Sleep Study? Really?

Now that is an experience I am not likely to repeat, lol! Of course, I need to wait for the analysis, to see if it revealed anything interesting, so maybe it was worth it, time will tell. Please note, the following is not a rant. I’m too easy going to rant, lol, I’m just letting you know what happened, and half chuckling to myself as I write, so read it in that tone, please. (I did say half-chuckle, so if anyone wants to feel sympathy for me they can.)Β  πŸ˜‰

I should have known by the way it started that it was going to be a long night. It was slated for 9:30 pm, but I left 45 minutes early so I wouldn’t have to drive in the night, or evening dusk – my eyes don’t do well with night driving, and we’re not quite far enough along in DST. Dusk is around 9 pm, followed by dark by 9:30, so I wanted to get there by 8:45 at least.Β  On my way there, it started to rain – and get somber, and it was already like driving in dusk. Bad calculation on my part, I guess. I had seen the clouds, just didn’t realize they would blow in so soon.

Still, rain is not a problem, and I got there around 8:45.Β  They had told me to park in the free parking on the other side of the Clinic, which I did. It was still raining. I got drenched getting to that Clinic entry. Umbrella, you say? Yeah, I admit it, I forgot one – for that matter, I don’t think I even own one as I go out so infrequently and usually park in sheltered areas. I guess I should buy one and keep it in my car. Don’t you love the little lessons life throws at you constantly? πŸ™‚

So there I was at the entry – and it was closed.Β  Message to enter at the other entry, the one I would have parked at anyway – so I went back to my car, drenching again, and made it over the main clinic parking and entrance. Got more drenched getting to that entry, and headed to the tea room where they have comfy sofas and chairs. I was just ready to settle into a comfy chair when they told me they were closing in 5 minutes at 9pm – so up I got again, and went to sit in a chair in the lobby that is so not comfortable, in fact very uncomfortable for me. Signs! Signs! Always easier to see in retrospect.

I really wish I had a picture to show you. So just go along and try to imagine it.

I was finally taken to the Sleep Clinic, at 9:30 on the dot by the young technician who was to be my night guardian – he had to be in his early 20’s, and later told me he was studying, and this was his night job once a week, so for once my estimate was probably correct. Next I put on my pyjamas, and when I come back into the room, he tells me to take off my top. Just so you know, I’m used to this. Um, not used to being seen half naked by young men, just being seen half naked by medical technicians. Anyway, he didn’t have anything interesting to see, lol, and it’s been a long time since I’ve been embarrassed.

So I stand there while he wraps a soft, stretchy belt around me just below my breasts. On the belt is a rectangular box with several wires running out of it. One main cord hangs down from it and leads to a bigger box on the wall. He then puts two bands of a thin material with fine wires woven through it around my upper chest and my stomach. These have wires that connect into the central box, and apparently measure the chest and belly movement of breathing. Other wires go to some electrodes for the heart, and some for the legs.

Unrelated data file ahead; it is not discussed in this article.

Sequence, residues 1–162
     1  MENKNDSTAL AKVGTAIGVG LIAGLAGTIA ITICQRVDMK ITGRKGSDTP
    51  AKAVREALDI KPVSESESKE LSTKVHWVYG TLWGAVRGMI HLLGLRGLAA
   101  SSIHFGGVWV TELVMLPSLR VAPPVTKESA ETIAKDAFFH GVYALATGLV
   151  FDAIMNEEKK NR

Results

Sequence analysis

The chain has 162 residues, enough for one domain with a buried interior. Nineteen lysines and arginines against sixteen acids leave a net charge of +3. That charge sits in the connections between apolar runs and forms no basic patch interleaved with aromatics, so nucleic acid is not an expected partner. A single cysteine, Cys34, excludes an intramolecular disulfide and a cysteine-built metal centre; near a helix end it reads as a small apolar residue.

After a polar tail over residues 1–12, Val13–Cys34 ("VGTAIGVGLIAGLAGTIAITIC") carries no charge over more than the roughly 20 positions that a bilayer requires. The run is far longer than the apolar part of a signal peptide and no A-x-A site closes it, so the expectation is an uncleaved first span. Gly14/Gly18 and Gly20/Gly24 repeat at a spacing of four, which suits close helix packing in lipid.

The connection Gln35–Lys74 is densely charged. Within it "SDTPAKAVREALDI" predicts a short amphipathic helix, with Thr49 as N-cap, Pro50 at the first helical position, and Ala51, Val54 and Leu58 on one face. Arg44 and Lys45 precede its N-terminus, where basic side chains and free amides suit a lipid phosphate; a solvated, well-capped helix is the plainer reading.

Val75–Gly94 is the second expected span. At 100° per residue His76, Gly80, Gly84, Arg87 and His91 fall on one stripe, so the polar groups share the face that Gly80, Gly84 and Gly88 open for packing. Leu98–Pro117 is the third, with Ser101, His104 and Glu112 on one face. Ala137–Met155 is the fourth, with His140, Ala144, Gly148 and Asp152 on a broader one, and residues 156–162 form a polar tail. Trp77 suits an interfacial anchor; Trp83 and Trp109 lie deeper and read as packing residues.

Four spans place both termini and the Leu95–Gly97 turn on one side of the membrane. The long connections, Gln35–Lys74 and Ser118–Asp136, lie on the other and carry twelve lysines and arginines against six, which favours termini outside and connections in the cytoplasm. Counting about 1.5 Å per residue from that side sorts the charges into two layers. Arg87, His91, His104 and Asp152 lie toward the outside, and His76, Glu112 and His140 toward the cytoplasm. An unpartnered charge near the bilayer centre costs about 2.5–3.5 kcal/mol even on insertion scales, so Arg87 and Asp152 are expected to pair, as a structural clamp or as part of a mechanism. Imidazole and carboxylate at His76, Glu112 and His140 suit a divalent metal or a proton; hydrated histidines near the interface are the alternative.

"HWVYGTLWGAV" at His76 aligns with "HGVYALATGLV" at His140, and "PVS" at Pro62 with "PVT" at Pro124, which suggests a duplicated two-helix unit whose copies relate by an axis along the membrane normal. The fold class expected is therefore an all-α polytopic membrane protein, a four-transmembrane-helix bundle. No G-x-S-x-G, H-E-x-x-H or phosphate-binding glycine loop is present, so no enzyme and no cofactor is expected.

Finally, it’s time for the head. I sit in a chair and he pulls over a tall metal stand with a metal tube in a circle at the top and a ton of wires running down the center of it and coming out on all sides. This is for the head. After putting a kind of net over my head and leaving it around my neck, he puts an oxygen thing on me with little tubes for the nostrils. No it doesn’t go to an oxygen tank, it somehow measures breath flow through the nostrils. For the last stage, and probably the one that takes the longest, the technician puts a bunch of little electrodes on my head, one by one, with some kindΒ  of gel to help them stick. This is followed by a few more electrodes on my face, that he fastens with tape. then pulls the net that was around my neck up over my face and head, cutting an opening just big enough for my eyes, nose, and mouth. Lovely. I really do wish I had a picture. πŸ˜‰

After all that, I’m supposed to sleep? Ha! Well, it wasn’t that bad. If you had put me in my water-bed, I probably would have drifted right off as usual. I normally sleep on my back anyway. But this bed? It was hard. I mean really hard. One of the hardest mattresses I’ve ever been on. I was expecting something like a hospital bed, but nope – this mattress would never have bent like a hospital bed can do. It was that hard.

Needless to say, I didn’t sleep well. It seemed like it took me a long while to fall asleep, and even then I kept waking through the night. It was more like napping than sleeping, though I guess I did sleep some, because morning finally came, I was detached and sent to the shower, and the young tech brought me coffee and another little form to fill out. The form asked about my sleep during the previous night.Β  I managed to be polite and answer the questions honestly.

Anyway, it’s done. And the sleep specialist will study it and give his analysis, which will probably say something about me not sleeping well, which is not usually the case for me. All I really want to know is if I’m getting enough oxygen as I sleep – they did put an oxygen monitor on my finger, and I woke with numbness on my face, which is what I wanted to find out about. My right hand was also completely numb (that one has to be positional) which happens from time to time.Β  If they can assure me that my breathing is okay and I’m getting enough oxygen in the night, then it will be worth it., and I can consider the numbness as something positional.